The University of Kentucky has announced the establishment of the world’s largest repository of American white oak as part of their groundbreaking effort with Maker’s Mark to conserve, explore and secure the future of American white oak. The massive effort at Star Hill Farm, home to the iconic distillery, represents the most comprehensive natural range of white oak to date anywhere in the world. The American white oak repository is part of a larger mission to transform the conservation of a species critical to many American industries, including Kentucky bourbon, and to prioritize the present and future of forests and rivers.
University of Kentucky Department of Forestry and Natural Resources tree improvement specialist Laura DeWald is leading a project collecting more than 300 unique families of white oak from across the United States to plant at Star Hill Farm. The first planting took place on April 15, successive plantings over the next several years will result in the largest single white oak genetic repository in the United States. This repository will provide the foundation for research and tree improvement to address current and future threats to white oak trees and the millions of acres of forests they dominate. It will also support white oak-dependent industries that contribute billions of dollars to rural and urban economies across the region.
This American white oak repository is the second phase of UK and Maker’s Mark’s collaboration, which also includes the world’s first comprehensive effort to map the white oak genome. Working with Maker’s Mark and the cooperage Independent Stave Company, the UK team is studying the genetics of the mother tree, called “MM1” at the Star Hill Farm, which is one of the oldest white oaks in Kentucky. It has been exposed to incredible climate variations and is estimated to be 300 to 500 years old. Data from this study will give UK, ISC and Maker’s Mark information about the longevity, disease resistance and vitality that American white oak can offer to the bourbon industry and beyond.
“We have lost or are fast losing some of our most valuable tree species in the U.S. such as ash, chestnut and elm due to disease and pests,” said Seth DeBolt, Beam Institute director. “This collaboration, the combination of the white oak genetic fingerprint and the germplasm planted solely at Star Hill Farm, will allow us to prepare for any future risk to this organism. In simple terms, if a risk arises, we can look for examples of natural variation within the germplasm that can tolerate new pests or even different climates. Maker’s Mark is absolutely leading the way in the bourbon industry when it comes to looking at the sustainable future of the natural resources used to make bourbon. If other threatened species had this level of support, we would have a huge leg up in protecting our ecosystems.”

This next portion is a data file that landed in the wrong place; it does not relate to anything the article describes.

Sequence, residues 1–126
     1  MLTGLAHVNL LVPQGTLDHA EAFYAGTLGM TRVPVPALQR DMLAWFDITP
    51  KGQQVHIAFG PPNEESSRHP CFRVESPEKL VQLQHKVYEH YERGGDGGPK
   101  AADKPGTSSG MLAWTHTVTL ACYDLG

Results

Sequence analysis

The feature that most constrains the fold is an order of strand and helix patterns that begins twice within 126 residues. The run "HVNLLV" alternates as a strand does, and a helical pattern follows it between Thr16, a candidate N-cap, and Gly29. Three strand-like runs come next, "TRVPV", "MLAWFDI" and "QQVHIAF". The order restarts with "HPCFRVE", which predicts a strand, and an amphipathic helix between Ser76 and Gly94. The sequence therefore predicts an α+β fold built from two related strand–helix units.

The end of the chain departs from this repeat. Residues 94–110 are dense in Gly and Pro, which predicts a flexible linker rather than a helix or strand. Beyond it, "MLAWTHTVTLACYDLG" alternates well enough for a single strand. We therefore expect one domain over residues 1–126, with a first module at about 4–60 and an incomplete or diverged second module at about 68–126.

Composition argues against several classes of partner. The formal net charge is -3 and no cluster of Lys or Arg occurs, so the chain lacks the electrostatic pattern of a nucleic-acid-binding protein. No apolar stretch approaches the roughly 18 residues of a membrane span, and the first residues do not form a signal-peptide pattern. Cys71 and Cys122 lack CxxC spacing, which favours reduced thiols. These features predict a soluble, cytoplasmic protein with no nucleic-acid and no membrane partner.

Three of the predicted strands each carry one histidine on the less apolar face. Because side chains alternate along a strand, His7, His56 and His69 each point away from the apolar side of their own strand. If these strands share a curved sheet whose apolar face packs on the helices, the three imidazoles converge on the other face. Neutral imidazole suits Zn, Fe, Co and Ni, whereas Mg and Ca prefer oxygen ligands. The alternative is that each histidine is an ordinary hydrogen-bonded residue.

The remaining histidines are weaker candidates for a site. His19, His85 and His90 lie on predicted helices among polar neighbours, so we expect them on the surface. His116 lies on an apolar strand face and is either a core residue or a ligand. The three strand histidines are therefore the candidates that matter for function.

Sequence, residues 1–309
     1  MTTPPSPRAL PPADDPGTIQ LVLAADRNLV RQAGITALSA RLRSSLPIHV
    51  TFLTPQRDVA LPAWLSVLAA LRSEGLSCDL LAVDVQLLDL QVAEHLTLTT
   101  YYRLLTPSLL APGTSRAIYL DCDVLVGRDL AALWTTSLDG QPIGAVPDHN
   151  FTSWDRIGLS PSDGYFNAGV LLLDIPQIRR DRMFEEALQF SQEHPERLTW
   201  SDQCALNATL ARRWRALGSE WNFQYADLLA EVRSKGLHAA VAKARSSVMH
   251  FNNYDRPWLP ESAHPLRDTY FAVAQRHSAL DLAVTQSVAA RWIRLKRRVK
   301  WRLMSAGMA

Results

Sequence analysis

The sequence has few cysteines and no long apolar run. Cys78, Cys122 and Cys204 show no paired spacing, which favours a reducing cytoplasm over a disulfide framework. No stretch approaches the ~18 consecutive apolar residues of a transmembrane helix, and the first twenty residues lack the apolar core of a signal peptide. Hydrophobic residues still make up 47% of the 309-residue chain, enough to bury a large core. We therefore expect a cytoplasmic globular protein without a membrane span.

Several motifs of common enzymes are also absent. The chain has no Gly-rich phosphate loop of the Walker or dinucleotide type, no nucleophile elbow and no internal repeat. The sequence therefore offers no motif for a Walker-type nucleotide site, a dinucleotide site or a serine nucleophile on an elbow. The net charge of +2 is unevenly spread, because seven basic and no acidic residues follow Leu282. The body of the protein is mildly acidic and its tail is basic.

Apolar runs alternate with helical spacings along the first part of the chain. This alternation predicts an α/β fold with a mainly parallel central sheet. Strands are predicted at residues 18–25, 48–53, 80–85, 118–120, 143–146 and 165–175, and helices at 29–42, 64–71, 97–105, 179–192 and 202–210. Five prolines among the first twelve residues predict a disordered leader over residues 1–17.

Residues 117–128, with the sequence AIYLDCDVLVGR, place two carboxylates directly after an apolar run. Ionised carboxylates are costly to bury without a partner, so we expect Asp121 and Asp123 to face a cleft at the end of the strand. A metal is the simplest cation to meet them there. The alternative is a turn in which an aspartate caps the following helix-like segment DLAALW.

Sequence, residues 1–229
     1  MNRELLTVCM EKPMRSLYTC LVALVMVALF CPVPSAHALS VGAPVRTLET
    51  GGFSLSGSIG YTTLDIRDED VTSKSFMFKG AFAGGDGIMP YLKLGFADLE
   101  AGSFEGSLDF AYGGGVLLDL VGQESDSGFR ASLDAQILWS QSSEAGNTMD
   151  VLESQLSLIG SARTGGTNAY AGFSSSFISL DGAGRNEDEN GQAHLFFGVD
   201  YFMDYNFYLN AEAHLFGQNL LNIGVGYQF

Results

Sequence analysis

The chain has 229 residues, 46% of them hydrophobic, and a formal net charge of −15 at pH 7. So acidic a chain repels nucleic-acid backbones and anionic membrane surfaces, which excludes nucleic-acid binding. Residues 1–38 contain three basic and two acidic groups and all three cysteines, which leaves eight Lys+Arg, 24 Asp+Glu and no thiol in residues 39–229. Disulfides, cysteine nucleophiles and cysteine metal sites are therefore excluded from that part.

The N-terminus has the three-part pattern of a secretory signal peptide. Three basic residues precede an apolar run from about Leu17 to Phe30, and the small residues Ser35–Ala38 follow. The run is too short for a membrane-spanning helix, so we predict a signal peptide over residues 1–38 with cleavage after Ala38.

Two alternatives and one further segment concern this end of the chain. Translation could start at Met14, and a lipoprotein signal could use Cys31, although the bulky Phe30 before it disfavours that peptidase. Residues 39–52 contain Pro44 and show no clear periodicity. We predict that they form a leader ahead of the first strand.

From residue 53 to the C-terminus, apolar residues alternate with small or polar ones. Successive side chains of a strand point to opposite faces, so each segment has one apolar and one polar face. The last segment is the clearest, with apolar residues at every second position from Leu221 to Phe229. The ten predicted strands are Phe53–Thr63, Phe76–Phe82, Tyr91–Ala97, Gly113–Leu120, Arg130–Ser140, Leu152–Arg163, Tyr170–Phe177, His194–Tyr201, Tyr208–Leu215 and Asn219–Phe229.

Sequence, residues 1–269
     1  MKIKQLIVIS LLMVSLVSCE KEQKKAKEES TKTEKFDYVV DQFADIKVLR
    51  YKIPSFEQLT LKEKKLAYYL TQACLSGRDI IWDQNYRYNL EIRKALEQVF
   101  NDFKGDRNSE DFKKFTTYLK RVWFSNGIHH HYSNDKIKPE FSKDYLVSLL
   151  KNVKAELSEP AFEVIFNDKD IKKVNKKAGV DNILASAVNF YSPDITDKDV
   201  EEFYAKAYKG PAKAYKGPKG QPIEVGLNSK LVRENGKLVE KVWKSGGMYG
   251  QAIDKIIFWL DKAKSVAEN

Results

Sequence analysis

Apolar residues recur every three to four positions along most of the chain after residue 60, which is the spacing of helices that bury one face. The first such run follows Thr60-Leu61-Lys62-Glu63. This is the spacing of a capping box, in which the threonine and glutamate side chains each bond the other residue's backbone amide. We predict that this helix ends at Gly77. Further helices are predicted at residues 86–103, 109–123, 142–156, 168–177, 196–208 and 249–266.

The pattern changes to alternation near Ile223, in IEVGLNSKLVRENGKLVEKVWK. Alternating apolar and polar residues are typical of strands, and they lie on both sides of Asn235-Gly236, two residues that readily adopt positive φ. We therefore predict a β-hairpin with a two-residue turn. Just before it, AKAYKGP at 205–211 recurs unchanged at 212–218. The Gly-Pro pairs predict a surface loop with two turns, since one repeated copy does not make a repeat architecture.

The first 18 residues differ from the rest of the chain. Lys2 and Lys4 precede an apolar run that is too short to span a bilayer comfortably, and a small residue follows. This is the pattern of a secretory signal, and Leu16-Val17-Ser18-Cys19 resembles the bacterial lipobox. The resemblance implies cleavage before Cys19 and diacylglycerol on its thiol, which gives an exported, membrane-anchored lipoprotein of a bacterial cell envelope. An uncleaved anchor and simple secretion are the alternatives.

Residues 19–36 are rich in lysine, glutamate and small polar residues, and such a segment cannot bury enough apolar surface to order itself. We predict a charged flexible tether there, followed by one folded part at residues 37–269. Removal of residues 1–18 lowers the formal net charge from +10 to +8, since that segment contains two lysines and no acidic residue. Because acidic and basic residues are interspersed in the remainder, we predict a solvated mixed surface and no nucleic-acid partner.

Rob Samuels, eighth-generation whiskey producer at Maker’s Mark, said the distillery is committed to the partnership.
“We’re so honored to work with the experts from UK who share a common passion with our team for ensuring the sustainable future of the American white oak, and we’re excited for Star Hill Farm to be the new home of this essential repository and study, in addition to the home of Maker’s Mark Bourbon,” he said. “At Maker’s Mark we are fully committed to going beyond the practice of being good stewards of the environment, as we aim to be one of the most environmentally conscious and beneficial brands in the world.”
“To do something like this that talks about the sustainability of a tree species, it will take a long time for the work being done here to come to fruition, so it takes a vision and commitment,” said Jeff Stringer, UK Forestry and Natural Resources department chair. “Maker’s Mark understands that. They have seen that vision and understand it and are in it for the long haul. They are willing to put in the effort and resources to make this work. It may take 50, 70, 90 years for any barrels to come from this research and that’s a long-term vision that many companies don’t have these days. Maker’s Mark does.”
The partnership between the University of Kentucky and Maker’s Mark began nearly two years ago as one piece of the iconic bourbon brand’s vision to protect and sustain natural resources by not only supporting the white oak forest, but regenerating forest production with healthy, sustainable and superior trees. This unique collaboration highlights the unparalleled passion and emphasis that Maker’s Mark is pushing forward to protect the state’s natural resources, which will be vital to the future of bourbon, Kentucky’s signature beverage.
“The commitment of Maker’s Mark and Independent Stave Company will substantially improve the sustainability of this species, other forest species and this signature industry,” said Nancy Cox, UK vice president for land-grant engagement and dean of the College of Agriculture, Food and Environment. “We cannot thank them enough for their partnership, vision and sense of community.”
For more information, head over to Maker’s Mark’s official website.